Advocates for railroad safety say there are three ways to prevent needless deaths along train tracks: education, engineering and enforcement.
Police can help with two of them and there are indications officers' efforts, including posting suicide prevention hotline notices on signs near the tracks, are having a positive impact in several DuPage County communities.
Lombard officer Joe Menolascino recently was recognized with an award from the railroad safety group Illinois Operation Lifesaver for educating commuters and enforcing railroad safety laws.
He's taken all the usual steps like handing out fliers and talking to schoolchildren about railroad safety, and he said he's noticed a decrease in the number of commuters crossing tracks before it's safe to do so.
"On our platform, we used to have commuters ... that would cross when the lights were still flashing," Menolascino said. "We used to have 30 people violating it, now we barely have one."
Menolascino's actions also led Lombard to become one of only two communities in the state to post suicide prevention information near train tracks, said Eric Graf, a special agent with Canadian National Railway police.
After a suicide on the tracks in December, 2010, Lombard police last year posted 20 suicide prevention hotline signs near the downtown train station as one last way to reach people thinking of ending their lives on the tracks, Menolascino said.
"It's at least a first step in trying to get a handle on the problem," said Chip Pew, coordinator of Illinois Operation Lifesaver.
Villa Park also posted five signs with a suicide prevention hotline near its train station last year, officer William Lyons said. The village had four suicides on the tracks between 2009 and 2010, all within a two-block span where the signs now are posted.
"For someone who's even thinking about (committing suicide) it would give them another option," Graf said. "That's a great program and we'd like to see that expand more."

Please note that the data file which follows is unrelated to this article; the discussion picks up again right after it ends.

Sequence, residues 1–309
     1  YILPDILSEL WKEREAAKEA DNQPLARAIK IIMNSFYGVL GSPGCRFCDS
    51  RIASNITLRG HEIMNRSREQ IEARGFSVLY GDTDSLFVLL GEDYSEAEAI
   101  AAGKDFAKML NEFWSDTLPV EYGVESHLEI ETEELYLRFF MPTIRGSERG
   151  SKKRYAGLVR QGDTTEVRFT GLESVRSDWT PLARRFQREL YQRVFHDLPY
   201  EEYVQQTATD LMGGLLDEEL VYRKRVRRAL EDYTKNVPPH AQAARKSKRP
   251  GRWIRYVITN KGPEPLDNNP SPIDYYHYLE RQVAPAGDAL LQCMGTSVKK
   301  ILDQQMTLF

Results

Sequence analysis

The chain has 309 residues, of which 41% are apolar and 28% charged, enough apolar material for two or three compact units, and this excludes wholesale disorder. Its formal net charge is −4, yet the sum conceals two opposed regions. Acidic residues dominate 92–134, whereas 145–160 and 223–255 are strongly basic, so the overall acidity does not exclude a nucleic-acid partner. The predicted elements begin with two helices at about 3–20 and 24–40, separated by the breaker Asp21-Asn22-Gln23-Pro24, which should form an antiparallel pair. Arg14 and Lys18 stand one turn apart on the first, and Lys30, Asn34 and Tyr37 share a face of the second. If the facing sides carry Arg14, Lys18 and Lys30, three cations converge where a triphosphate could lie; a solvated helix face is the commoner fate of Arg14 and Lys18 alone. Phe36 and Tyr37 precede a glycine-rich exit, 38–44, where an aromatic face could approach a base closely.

While Lombard and Villa Park are alone in posting suicide prevention information, they aren't alone in their focus on making railways safer for pedestrians, commuters and drivers. Pew and Graf said Elmhurst and West Chicago also are area leaders in promoting railroad safety.
Elmhurst has had a railroad safety program since 1994, when three fatal accidents in one year sparked police to begin educating the public and writing tickets for crossing tracks while gates were down, lights were flashing and bells were ringing, Deputy Chief Jim Kveton said.
Since then, the city has seen only one fatal train accident -- in 1998.
"As long as we keep it in the public's eye and the public's mind, they'll be more careful when they're around railroad tracks," Kveton said.
While some people learn best from education -- slogans like "look, listen, learn," or "don't start dashing until the lights stop flashing," -- others only learn from enforcement and the punishment of a ticket, Graf said.
Between 2009 and 2011, Lombard police had contact with 3,901 commuters and wrote 147 tickets. Menolascino said he educated every officer about railroad safety so they all could help with enforcement.
"In those communities that on a routine and regular basis enforce crossing laws, you find the number of violations and incidents going down," Pew said.
Education and enforcement organized by officers like Menolascino is beginning to make suburban railways safer, said Lanny Wilson, chairman of the DuPage Railroad Safety Council. But more departments should follow the lead of Elmhurst, Lombard, Villa Park and West Chicago in making railroad safety a priority, he said.
"We need to work together and do everything we can to approach zero tolerance of deaths at railroad crossings and along railways," Wilson said.